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[Various] Intel's new Xeon E5-2602 V4 CPU to sport a whopping 5.1GHz clockspeed and 165W TDP - Page 8

post #71 of 102
Quote:
Originally Posted by epic1337 View Post

more or less yeah, at 661mm² so long as they keep the power density below 0.7W per mm² ( <450W TDP ) and it'll remain somewhat cool with the right cooling solution.

BUT, you have to remember these are server chips, if you fit one of that on a U1 or U2 case it'll overheat with a low-profile heatsink.
its like expecting a NH-L9 to cool a 5Ghz i7-4790K, which is very much impossible.




and, these massive core arrays aren't meant for high clocks, most of their usage is on raw compute where clock speed doesn't really matter.
now if you argue that they could just use bigger coolers, or liquid coolers, that beats their intended use in high-density arrays, these chips are used by the dozens on a single rack.

Clocks do matter. . but they're low for a reason.. to 'lower' the probability of calculation errors/anomalies.. All these g4m3r 1337 overclocked hardware are actually completely unstable in the eyes of the 'people who do real work'.. hahahaha..

Who cares if a 3d cube is rendered slightly ajar in your vidya..

But let's say you build a bridge, and a decimal place was off because 1 error got factored 100 times throughout the length of the bridge. Bridge falls down.. and it wasn't godzilla's fault.
post #72 of 102
Quote:
Originally Posted by tp4tissue View Post

Clocks do matter. . but they're low for a reason.. to 'lower' the probability of calculation errors/anomalies.. All these g4m3r 1337 overclocked hardware are actually completely unstable in the eyes of the 'people who do real work'.. hahahaha..

Who cares if a 3d cube is rendered slightly ajar in your vidya..

But let's say you build a bridge, and a decimal place was off because 1 error got factored 100 times throughout the length of the bridge. Bridge falls down.. and it wasn't godzilla's fault.

you've just pointed out why it doesn't matter, high clocks isn't worth it for their intended use.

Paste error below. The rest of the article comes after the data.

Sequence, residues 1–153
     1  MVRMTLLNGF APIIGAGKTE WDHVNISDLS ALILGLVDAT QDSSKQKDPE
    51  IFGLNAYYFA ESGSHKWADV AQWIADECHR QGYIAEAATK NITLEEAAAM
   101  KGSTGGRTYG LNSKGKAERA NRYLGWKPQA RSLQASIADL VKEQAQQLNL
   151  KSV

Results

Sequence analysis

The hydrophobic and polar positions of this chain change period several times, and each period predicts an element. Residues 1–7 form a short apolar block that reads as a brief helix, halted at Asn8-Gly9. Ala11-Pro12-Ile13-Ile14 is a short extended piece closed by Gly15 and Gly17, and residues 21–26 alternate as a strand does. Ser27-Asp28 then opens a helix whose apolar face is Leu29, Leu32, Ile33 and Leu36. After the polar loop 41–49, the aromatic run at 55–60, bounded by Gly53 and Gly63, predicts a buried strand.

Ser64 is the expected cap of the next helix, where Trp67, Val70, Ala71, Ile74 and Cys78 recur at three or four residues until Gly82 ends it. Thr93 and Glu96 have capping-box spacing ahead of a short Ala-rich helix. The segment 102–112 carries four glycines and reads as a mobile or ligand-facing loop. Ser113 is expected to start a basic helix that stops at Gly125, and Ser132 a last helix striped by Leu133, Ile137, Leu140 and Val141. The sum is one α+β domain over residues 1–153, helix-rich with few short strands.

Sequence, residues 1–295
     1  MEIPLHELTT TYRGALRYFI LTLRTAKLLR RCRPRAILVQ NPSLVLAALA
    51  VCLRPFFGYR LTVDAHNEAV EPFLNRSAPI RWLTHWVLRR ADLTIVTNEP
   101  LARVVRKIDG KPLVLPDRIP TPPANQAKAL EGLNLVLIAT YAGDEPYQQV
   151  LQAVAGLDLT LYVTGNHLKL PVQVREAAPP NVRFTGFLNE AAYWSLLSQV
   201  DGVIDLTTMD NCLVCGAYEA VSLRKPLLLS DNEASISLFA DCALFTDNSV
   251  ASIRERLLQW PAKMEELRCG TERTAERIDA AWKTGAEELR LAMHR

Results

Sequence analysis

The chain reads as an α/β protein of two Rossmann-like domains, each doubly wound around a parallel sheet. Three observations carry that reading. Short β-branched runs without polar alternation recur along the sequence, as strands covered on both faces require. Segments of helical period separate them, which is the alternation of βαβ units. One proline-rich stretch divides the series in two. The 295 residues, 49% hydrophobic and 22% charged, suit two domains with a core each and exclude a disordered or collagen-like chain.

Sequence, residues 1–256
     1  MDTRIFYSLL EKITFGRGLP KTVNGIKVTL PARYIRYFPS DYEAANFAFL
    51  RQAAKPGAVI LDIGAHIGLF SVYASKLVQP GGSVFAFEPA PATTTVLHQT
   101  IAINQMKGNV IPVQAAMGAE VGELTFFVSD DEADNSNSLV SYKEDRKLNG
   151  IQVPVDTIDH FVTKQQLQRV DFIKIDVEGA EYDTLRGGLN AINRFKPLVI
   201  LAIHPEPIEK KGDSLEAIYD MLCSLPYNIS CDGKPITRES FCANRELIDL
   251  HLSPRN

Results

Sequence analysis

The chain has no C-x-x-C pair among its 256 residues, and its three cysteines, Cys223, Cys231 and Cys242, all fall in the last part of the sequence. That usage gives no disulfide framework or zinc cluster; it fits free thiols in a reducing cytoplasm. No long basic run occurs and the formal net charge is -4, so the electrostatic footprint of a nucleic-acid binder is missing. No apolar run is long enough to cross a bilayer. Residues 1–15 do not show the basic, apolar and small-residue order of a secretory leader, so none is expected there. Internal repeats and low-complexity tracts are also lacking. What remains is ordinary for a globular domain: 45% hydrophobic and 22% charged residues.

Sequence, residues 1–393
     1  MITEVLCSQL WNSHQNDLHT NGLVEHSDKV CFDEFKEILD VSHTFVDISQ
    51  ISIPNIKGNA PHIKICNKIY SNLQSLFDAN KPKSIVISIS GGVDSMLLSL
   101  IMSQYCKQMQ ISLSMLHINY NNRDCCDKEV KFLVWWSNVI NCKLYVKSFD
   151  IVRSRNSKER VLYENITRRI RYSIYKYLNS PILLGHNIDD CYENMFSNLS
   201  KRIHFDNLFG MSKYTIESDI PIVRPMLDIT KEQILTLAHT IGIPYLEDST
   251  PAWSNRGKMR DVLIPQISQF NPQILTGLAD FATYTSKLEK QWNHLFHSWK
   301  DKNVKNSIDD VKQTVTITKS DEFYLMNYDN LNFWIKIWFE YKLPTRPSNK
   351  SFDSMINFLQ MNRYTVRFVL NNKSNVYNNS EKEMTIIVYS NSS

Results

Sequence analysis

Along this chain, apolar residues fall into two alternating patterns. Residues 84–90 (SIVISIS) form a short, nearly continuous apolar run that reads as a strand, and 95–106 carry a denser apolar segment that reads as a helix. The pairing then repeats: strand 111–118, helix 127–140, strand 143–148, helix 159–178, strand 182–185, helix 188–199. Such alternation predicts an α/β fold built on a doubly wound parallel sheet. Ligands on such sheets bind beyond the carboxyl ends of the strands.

post #73 of 102
Quote:
Originally Posted by epic1337 View Post

you have to understand one thing, the contact area of the die itself dictates the overall efficiency of the heat transfer.
it does not matter if you put in a 360mm CLC or a 80mm CLC, the die's surface area is still much smaller.
you can actually measure this by taking the water temp and comparing it to the die temp.
if the water isn't hot to begin with then whats there for the rads to cool?


now we've got another issue, if you cram more power on a tinnier chip, of course it'll end up becoming hotter.
CPU dies are much, much more smaller.
i7-4970K = 177mm²
GTX980Ti = 601mm²

Haswell die map

Look at where the actual CPU cores are and note their size relative to the die. It's even worse than the numbers would have you believe, since the CPU cores literally take up less than 50% of the total die space, so thermal density is even higher.
post #74 of 102
Quote:
Originally Posted by magnek View Post

Haswell die map

Look at where the actual CPU cores are and note their size relative to the die. It's even worse than the numbers would have you believe, since the CPU cores literally take up less than 50% of the total die space, so thermal density is even higher.

the higher SKU server chips doesn't have an IGP.
this makes the CPU about 60%~70% of the total die size and has a good distribution, with the remainder being the IMC and QPI.

this is an 18core Haswell-EP E5 Xeon.

Edited by epic1337 - 2/1/16 at 4:50pm
post #75 of 102
Quote:
Originally Posted by tp4tissue View Post

Clocks do matter. . but they're low for a reason.. to 'lower' the probability of calculation errors/anomalies.. All these g4m3r 1337 overclocked hardware are actually completely unstable in the eyes of the 'people who do real work'.. hahahaha..

Who cares if a 3d cube is rendered slightly ajar in your vidya..